Eurogamer: How did you seal the deal?

David DeMartini: I thought it was my charisma and charm - that tipped it over the top.

Eurogamer: Suda51 teased a Tokyo Game Show reveal for his new game. Does that make sense to you?

David DeMartini: Yes.

Eurogamer: It's a horror game. Are we talking big-budget, multiplatform? His recent work's been on the Wii.

David DeMartini: PS3 and Xbox 360. Suda is highly creative. He would say as well as we would say, this has been a learning experience.

It was a little riskier to sign a highly regarded developer and creative force in Japan. [Shinji] Mikami's involved also. I'm dealing with two of the biggest names out of Japan. EA has not historically done a lot of work with developers in Japan. The whole communication thing is a challenge. We spent a lot of time trying to figure out how to work with each other. How much feedback we give them, they give us.

The goal of what he was working on was to try and take his amazing creative energies and for us to try and help him Westernise those ideas. I don't know if we've nailed it with regards to how much we've been able to do that. But we've allowed him the opportunity to fully explore his creativity.

Eurogamer: That's dangerous with him.

David DeMartini: Well, it's dangerous, or is it what people expect from him? The key thing is not for us to tone down Suda if you will, or try and Westernise Suda, but it's to try and make sure the game gets broad enough exposure that more people appreciate it.

No More Heroes and his other games, they're all highly critically acclaimed, but it's like a boutique movie where it's highly acclaimed but it doesn't get into all the theatres so not everybody gets a chance to see it.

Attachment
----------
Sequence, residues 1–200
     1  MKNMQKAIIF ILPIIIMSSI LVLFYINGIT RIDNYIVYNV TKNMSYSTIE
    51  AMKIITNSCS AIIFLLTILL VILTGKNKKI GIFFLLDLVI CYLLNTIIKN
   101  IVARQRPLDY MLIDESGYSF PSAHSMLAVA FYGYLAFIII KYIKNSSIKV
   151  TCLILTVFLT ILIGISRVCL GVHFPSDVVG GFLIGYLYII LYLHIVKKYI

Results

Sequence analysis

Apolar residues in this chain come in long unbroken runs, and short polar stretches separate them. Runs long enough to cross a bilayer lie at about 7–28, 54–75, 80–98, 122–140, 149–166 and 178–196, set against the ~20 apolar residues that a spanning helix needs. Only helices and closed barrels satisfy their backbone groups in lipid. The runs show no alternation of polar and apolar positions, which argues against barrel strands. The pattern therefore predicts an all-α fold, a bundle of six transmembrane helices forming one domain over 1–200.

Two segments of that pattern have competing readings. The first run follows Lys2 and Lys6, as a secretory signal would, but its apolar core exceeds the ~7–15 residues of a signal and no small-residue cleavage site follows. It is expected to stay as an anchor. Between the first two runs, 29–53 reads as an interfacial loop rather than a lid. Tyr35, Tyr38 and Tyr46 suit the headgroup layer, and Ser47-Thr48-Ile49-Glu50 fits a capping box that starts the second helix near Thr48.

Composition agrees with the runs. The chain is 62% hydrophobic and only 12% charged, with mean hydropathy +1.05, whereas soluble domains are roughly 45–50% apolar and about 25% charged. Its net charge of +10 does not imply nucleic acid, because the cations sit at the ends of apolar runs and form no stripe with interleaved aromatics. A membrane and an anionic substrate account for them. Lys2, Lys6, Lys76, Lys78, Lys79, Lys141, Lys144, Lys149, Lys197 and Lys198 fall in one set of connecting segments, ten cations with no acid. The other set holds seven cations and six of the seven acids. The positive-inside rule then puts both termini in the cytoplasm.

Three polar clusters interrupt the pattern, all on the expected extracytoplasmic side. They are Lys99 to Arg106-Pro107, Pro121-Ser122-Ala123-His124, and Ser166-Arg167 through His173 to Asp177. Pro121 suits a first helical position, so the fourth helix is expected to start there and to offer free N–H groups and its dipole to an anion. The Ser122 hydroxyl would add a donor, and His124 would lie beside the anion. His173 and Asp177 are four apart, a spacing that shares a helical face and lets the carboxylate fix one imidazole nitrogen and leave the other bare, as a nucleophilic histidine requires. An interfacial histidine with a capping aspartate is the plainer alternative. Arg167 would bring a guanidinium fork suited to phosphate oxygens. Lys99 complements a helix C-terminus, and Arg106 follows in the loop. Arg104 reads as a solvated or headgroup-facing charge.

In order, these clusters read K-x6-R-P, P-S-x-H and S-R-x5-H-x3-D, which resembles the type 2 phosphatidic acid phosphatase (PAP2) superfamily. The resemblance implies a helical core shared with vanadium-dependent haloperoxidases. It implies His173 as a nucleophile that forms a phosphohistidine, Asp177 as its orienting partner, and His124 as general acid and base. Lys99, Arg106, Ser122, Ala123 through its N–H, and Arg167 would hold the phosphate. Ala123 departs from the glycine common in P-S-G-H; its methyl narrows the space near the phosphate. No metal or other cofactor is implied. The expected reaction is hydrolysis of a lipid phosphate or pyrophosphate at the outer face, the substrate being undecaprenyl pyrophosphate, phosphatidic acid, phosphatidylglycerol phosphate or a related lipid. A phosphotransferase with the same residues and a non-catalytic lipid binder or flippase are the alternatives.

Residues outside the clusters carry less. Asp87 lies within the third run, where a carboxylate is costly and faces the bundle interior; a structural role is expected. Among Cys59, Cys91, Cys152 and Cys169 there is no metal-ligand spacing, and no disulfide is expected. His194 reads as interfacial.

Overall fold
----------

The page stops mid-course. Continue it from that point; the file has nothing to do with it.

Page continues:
Obviously with EA's publishing and sales team, we're going to have this game in all theatres. It's going to be in all the retail outlets. People are going to get an opportunity to finally listen to what you guys have been writing about Suda for a long time.

These games are great. They're overlooked a little bit - the non-Western or European wrapper these games typically have - and get through the game and you'll really see the magic that's in there. That's what we're shooting for here.

We didn't try and Westernise his ideas. We let him explore his ideas fully. Now we're going to Westernise the sales and marketing approach so it gets out there and is known by as many people as possible, to give him the best opportunity to sell to a ton of people.

David DeMartini is the head of EA Partners. Bulletstorm and Crysis 2 are out next year.

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Wesley Yin-Poole

Wesley Yin-Poole

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Wesley is Eurogamer's deputy editor. He likes news, interviews, and more news. He also likes Street Fighter more than anyone can get him to shut up about it.

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